Sandia Labs News Releases

Cyber Technologies Academy at Sandia offers free classes to high school students

LIVERMORE, Calif. — In the rapidly changing world of cybersecurity, who better to learn from than the professionals who live in that world every day? High school students are getting just that opportunity through Sandia National Laboratories’ Cyber Technologies Academy, free classes for high school students interested in computer science and cybersecurity.

Cyber Technologies Academy

Sandia National Laboratories cybersecurity engineer Jeremy Erickson helps high school student Ravi Nagda debug his python application during a Cyber Technologies Academy class. Sandia is offering free cyber classes for high school students, taught by industry experts like Erickson. (Photo by Dino Vournas) Click on the thumbnail for a high-resolution image.

“The Cyber Technologies Academy is a critical piece of our talent pipeline strategy for cyber professionals,” said Navid Jam, manager of the information assurance department in Sandia’s Computer Sciences and Information Systems Center. “The sooner we can engage with students and shape their thinking about computer security and the hard problems we and the nation face, the sooner they can be part of the solution. These students will amplify our national security impact and develop a desperately needed national cyber capacity.”

Cybersecurity engineers Jeremy Erickson and Steve Hurd started the academy after running the Center for Cyber Defenders (CCD) at Sandia’s California site, a summer internship for students from high school through doctoral studies.

Media representatives are invited to visit the Cyber Technologies Academy from May 6-8. Contact Patti Koning at (925) 294-4911 or for more information and to schedule a visit.

The goal of the Cyber Technologies Academy is to take motivated students — even those with no computer experience — to a high level of cyber proficiency during high school. The classes combine instruction with hands-on learning, giving students an actual cyber environment in which to network and program.

Academy fills critical education gap

“We noticed that high school students entering the CCD had vastly different levels of skills and experience,” Erickson explained. “High schools are not well-equipped to teach cybersecurity. Most schools only offer basic computer science classes. It’s rare to find a high school teacher with a computer science background, and high school computer labs typically aren’t set up to run multiple operating systems and allow students to experience networking.”

The program is taught in Sandia’s Cybersecurity Technologies Research Laboratory, which houses the CCD in the summer on the Livermore Valley Open Campus.

The first session of classes began in March. The organizers planned for 54 students in three classes of 18, but quickly added a fourth session after 69 students applied.

“I wanted to learn networking, which wasn’t taught in my high school computer science classes,” said Kimberli Zhong, a senior at Dublin High School in Dublin, Calif. “The class is interesting, especially the hands-on exercises. We can put the concepts we learn into practice immediately.”

Nikhil Singh, a sophomore at Foothill High School in Pleasanton, Calif., signed up for the academy because he’s interested in a career in cyberintelligence. “I’m taking computer science classes at my high school, but here we get to program in a ‘real-deal’ environment,” he said. “It’s been a real eye opener to learn about other career paths in computer science.”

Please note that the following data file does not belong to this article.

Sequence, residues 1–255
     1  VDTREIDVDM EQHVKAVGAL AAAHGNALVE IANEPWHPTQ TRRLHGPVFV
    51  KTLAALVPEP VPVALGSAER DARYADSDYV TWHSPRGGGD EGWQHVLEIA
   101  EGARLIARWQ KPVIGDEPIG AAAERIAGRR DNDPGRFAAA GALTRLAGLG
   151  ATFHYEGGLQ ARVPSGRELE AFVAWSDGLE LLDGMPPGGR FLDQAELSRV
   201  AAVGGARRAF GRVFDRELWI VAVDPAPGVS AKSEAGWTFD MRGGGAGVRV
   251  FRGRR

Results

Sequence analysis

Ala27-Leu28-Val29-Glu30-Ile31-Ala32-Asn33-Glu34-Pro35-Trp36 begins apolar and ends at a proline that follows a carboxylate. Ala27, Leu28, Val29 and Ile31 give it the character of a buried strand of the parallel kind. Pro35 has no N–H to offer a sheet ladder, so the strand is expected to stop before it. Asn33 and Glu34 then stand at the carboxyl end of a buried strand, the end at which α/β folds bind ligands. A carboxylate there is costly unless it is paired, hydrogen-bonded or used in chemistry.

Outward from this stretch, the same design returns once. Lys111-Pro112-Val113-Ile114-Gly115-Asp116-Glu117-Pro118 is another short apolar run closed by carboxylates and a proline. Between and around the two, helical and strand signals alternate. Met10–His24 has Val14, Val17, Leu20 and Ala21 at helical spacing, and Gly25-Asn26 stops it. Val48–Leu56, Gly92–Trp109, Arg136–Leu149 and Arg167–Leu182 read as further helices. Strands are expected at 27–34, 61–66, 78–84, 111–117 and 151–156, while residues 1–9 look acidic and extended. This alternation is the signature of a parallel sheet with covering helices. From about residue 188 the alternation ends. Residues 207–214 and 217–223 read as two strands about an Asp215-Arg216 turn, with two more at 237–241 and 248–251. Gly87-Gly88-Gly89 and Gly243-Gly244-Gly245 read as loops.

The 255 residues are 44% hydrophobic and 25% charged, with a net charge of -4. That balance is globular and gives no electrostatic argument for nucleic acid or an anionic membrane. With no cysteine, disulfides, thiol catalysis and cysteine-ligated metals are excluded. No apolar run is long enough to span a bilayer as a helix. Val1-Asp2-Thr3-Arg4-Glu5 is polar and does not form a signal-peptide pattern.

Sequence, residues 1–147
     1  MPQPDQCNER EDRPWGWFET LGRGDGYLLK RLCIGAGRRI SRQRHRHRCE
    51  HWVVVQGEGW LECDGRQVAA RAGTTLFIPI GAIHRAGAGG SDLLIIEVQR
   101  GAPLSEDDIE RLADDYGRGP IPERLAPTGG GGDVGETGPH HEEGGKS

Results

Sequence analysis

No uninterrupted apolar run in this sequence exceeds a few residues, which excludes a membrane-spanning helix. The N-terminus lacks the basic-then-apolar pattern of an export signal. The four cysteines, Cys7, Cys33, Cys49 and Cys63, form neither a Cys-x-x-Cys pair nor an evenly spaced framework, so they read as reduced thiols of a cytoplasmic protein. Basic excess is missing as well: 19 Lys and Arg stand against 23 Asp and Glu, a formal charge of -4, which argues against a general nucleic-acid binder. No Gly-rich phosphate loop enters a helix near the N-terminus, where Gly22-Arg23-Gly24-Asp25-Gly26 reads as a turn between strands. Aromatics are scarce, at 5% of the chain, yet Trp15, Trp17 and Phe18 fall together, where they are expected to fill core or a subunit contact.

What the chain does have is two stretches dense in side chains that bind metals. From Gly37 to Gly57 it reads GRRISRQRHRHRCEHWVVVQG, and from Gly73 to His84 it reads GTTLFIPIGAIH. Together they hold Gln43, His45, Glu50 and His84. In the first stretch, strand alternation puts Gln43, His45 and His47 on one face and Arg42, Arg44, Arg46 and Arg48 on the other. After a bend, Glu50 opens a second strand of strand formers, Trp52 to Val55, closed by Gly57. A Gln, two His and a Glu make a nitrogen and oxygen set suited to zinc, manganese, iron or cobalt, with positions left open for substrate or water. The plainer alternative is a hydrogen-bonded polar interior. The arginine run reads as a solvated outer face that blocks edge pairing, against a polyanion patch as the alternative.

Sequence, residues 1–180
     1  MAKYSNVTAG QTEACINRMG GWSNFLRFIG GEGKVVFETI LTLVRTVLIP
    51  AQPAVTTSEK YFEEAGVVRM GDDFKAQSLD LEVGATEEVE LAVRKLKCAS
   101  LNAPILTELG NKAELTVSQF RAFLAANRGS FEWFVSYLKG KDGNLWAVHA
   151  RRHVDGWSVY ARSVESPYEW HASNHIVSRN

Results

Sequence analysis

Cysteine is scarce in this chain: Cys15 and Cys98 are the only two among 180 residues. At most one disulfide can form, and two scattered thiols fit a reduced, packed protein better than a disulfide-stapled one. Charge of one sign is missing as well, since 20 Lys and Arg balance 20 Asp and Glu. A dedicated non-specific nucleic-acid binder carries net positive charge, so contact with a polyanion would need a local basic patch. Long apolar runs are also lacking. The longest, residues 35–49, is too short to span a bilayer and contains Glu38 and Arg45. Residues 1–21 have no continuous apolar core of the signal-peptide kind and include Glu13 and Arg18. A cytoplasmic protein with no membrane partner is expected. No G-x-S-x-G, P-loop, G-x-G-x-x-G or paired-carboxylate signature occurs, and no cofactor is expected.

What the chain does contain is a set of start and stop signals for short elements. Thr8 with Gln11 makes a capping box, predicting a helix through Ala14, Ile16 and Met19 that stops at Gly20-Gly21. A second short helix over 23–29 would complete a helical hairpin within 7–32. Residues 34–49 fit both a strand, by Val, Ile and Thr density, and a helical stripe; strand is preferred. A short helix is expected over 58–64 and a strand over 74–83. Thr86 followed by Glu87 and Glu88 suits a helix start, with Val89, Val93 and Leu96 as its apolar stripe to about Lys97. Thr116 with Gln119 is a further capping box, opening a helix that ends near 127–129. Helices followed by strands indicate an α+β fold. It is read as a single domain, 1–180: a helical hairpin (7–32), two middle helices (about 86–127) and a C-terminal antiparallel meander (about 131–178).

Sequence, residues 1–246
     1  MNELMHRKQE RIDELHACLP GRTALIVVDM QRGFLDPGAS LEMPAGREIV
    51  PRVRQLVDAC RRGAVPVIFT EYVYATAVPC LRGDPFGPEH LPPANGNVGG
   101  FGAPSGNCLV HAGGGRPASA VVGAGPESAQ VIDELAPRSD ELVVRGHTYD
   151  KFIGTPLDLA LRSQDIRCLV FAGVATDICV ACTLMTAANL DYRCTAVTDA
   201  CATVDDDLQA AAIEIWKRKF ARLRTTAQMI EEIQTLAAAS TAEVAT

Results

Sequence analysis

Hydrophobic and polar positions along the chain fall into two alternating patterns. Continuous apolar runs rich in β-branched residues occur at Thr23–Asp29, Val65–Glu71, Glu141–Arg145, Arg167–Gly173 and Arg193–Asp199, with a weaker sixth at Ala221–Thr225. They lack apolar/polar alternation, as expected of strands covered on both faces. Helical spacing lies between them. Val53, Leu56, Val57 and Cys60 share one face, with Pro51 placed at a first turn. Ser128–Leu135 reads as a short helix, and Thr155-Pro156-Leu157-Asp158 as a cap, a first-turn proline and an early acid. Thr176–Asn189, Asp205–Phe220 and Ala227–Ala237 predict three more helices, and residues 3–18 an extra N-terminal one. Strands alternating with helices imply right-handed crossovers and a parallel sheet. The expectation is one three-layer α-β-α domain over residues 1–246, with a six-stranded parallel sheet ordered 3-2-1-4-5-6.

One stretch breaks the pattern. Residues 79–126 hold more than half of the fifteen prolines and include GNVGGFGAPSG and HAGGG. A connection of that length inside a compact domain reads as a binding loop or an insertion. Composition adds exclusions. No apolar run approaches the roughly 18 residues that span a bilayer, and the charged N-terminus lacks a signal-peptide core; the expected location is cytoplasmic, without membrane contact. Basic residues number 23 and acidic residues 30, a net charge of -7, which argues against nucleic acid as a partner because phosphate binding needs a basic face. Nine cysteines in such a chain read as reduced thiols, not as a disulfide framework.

Extending the academy’s reach to teachers

The academy team is now preparing to launch a summer session — five weeks of classes that will meet for four hours a week for students and two weeklong intensive sessions for teachers. The team expects more than 200 students to apply for the 108 seats available in the summer.

“Clearly, there is a limit to the number of students we can reach directly,” said Erickson. “So we are offering teacher training and developing curriculum so those teachers can bring this instruction back to their schools.”

That includes building the classroom exercises into a live CD, essentially an operating system on a disk. Once complete, the system will be available free-of-charge to schools. “This gets schools over the technology hurdle because with a live CD there is no need to install anything on a school computer, but students can still do cyber exercises in an authentic environment,” said Erickson.

Instructors are paid from Sandia corporate community funds that support educational outreach. The academy is seeking federal and private grants and partnerships to support further curriculum development.

The academy will begin taking applications for the summer program in mid-May. The application and other details can be found at the CTA website. Selection is based on student motivation.

“We don’t require any experience or prior knowledge in cyber,” Erickson said. “We are looking for students with a passion for this subject, who have the potential to become the best and brightest in the field.”

Sandia National Laboratories is a multi-program laboratory operated by Sandia Corporation, a wholly owned subsidiary of Lockheed Martin Corp., for the U.S. Department of Energy’s National Nuclear Security Administration. With main facilities in Albuquerque, N.M., and Livermore, Calif., Sandia has major R&D responsibilities in national security, energy and environmental technologies and economic competitiveness.

Sandia news media contact: Patti Koning,, (925) 294-4911